The ALJ found that Plaintiff met the non-disability insured status requirements and had not engaged in substantial gainful activity since January 31, 2007. She also found that Plaintiff’s back disorders (discongenic and degenerative) and anxiety-related disorder were severe impairments, but that his cardiac disease was non-severe. (R. 23-24.) However, the ALJ found that Plaintiff’s impairments did not, either singly or in combination, meet or medically equal any listed impairment in 20 C.F.R., Pt. 404, Subpt. P, App. 1. (R. 24.) She also determined that Plaintiff’s subjective complaints regarding the intensity, persistence, and limiting effects of his symptoms were not fully credible. (R. 27-28). The ALJ further found that Plaintiff had the residual functional capacity to perform less than a full range of medium work. Specifically, the ALJ found Plaintiff could stand and walk for six hours in an eight-hour workday; could sit for six hours in an eight-hour workday; could lift and carry, and push and pull fifty pounds occasionally and twenty-five pounds frequently; could frequently climb, balance, stoop, kneel, crouch, and crawl; had no manipulative, visual, communicative, or environmental limitations. However, he was limited to only unskilled, simple, routine, repetitive tasks in a non-production work environment, with no interactions with co-workers and supervisors, and no job interactions with the general public. (R. 24-26). The ALJ also found that Plaintiff could not do his past relevant work. (R. 29-30.) Relying on the testimony of a vocational expert (“VE”), the ALJ determined that, considering Plaintiff’s age, education, work experience, and residual functional capacity, there are jobs that exist in significant numbers in the national economy that he can perform. (R. 30-31.) Accordingly, Plaintiff was not under a disability at any time through the date of the decision. (R. 31.)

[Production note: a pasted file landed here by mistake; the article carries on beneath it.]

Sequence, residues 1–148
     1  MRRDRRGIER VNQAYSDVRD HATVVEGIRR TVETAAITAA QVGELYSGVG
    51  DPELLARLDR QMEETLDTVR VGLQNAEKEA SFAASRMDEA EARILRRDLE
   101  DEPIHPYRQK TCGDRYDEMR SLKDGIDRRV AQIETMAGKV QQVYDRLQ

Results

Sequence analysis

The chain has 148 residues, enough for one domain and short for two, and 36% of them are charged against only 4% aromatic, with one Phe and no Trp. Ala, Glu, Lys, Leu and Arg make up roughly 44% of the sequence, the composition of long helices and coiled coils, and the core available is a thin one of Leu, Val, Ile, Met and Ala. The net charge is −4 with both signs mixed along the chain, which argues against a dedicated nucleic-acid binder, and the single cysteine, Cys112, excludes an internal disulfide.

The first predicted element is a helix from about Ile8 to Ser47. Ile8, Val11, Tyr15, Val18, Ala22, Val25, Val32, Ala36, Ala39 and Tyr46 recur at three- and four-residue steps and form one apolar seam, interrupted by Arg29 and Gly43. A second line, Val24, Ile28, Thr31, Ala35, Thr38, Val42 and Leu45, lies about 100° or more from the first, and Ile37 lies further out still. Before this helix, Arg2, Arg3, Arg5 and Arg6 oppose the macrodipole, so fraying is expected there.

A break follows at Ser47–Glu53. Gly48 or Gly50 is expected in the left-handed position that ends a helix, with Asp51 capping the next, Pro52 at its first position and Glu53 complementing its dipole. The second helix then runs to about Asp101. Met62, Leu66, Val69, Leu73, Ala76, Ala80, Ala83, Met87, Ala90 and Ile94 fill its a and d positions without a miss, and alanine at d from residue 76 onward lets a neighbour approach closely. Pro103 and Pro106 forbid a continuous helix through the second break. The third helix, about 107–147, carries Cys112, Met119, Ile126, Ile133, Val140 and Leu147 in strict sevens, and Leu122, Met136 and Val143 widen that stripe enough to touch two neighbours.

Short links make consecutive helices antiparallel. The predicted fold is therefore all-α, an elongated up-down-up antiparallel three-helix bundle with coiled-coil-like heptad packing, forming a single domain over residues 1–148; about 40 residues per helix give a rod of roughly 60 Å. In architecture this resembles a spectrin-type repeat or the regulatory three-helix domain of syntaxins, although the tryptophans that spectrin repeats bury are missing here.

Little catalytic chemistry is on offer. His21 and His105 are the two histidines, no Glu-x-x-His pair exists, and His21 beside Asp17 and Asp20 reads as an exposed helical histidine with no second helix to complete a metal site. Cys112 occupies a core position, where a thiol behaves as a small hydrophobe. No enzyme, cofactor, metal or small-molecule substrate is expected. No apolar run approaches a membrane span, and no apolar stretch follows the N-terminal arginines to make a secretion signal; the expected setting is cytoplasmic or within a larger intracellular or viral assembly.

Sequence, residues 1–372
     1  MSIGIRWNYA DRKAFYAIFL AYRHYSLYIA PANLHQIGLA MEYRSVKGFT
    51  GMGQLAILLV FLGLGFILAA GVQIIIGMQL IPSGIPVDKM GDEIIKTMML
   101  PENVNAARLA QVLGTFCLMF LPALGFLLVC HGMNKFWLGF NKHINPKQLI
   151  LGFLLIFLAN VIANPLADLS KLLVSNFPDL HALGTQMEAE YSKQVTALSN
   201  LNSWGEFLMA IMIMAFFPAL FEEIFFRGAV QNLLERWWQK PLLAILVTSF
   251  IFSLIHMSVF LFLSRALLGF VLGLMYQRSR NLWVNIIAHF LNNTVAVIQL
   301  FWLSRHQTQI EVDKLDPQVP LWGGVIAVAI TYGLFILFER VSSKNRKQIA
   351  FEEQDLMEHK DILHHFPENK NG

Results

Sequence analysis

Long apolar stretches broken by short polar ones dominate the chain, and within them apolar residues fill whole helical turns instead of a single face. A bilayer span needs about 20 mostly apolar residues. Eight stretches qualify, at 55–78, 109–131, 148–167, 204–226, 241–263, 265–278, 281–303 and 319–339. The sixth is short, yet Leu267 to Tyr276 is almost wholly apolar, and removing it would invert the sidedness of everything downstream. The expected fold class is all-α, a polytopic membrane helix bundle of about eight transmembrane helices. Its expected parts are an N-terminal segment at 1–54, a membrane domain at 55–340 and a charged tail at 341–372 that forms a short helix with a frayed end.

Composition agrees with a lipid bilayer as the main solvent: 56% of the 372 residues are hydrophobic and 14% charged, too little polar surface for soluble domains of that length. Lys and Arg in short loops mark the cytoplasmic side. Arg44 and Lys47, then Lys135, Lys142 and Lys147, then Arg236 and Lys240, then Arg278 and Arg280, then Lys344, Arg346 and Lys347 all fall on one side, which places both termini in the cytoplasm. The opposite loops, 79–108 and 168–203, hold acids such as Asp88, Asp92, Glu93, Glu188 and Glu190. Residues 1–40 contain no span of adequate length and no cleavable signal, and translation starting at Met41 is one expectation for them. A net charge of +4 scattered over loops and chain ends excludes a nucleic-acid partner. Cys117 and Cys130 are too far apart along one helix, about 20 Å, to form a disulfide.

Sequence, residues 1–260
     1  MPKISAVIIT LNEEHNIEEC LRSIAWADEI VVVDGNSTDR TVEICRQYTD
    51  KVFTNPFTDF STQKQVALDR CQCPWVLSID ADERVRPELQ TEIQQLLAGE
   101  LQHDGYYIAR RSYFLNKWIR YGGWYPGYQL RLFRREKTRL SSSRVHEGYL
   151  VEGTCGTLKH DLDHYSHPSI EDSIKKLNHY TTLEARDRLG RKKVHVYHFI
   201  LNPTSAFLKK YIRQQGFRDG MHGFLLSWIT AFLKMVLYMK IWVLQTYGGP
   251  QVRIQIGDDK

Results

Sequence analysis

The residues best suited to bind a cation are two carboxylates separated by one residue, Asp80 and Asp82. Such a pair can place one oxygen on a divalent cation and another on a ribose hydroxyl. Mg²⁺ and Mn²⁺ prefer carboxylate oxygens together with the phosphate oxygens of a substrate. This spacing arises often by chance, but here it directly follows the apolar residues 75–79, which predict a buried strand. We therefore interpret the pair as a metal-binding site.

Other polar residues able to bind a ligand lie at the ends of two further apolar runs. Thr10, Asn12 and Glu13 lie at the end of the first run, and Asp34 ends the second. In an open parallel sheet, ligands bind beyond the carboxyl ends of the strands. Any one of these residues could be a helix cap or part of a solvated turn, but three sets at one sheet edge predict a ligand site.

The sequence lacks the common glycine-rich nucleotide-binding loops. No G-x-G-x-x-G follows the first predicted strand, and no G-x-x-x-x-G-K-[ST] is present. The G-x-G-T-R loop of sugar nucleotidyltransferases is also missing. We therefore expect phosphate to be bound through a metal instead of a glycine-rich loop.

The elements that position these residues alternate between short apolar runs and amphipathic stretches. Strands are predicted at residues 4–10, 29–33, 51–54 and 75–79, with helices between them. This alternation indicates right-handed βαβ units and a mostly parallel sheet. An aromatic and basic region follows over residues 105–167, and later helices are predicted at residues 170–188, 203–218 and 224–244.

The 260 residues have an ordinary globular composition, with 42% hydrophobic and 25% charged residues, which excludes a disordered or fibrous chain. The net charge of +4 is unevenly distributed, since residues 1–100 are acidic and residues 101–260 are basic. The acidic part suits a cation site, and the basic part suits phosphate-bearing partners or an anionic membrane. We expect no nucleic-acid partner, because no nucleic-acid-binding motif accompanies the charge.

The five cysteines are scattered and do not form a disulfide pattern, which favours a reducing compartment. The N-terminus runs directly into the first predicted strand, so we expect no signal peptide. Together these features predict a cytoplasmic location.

The Social Security Act defines disability as the inability to engage in substantial gainful activity. 42 U.S.C. § 423(d)(1). The initial burden of going forward is on the claimant to show that he is disabled from engaging in his former employment; the burden then shifts to the Commissioner to demonstrate the existence of available employment compatible with the claimant’s disability and background. Id.; see Felisky v. Bowen, 35 F.3d 1027, 1035 (6th Cir. 1994). The claimant bears the ultimate burden of establishing an entitlement to benefits. Cotton v. Sullivan, 2 F.3d 692, 695 (6th Cir. 1993).

In determining disability, the Commissioner conducts a five-step sequential analysis, as set forth in 20 C.F.R. § 404.1520 and § 416.920:

1. An individual who is engaging in substantial gainful activity will not be found to be disabled regardless of medical findings.
2. An individual who does not have a severe impairment will not be found to be disabled.
3. A finding of disability will be made without consideration of vocational factors if an individual is not working and is suffering from a severe impairment which meets the duration requirement and which meets or equals a listed impairment found in 20 C.F.R. Part 404, Subpart P, Appendix 1.
4. An individual who can perform work that he has done in the past will not be found to be disabled.
5. If an individual cannot perform his past relevant work, other factors including age, education, past work experience, and residual functional capacity will be considered to determine if other work can be performed.

20 C.F.R. §§ 404.1520(a)(4), 416.920(a)(4). Further analysis is unnecessary if it is determined that an individual is not disabled at any point in this sequential evaluation process. Id.; see also Howardv. Comm’r of Soc. Sec., 276 F.3d 235, 238 (6th Cir. 2002). Here, the analysis proceeded to step five, where the ALJ determined there are jobs existing in significant numbers in the national economy that ...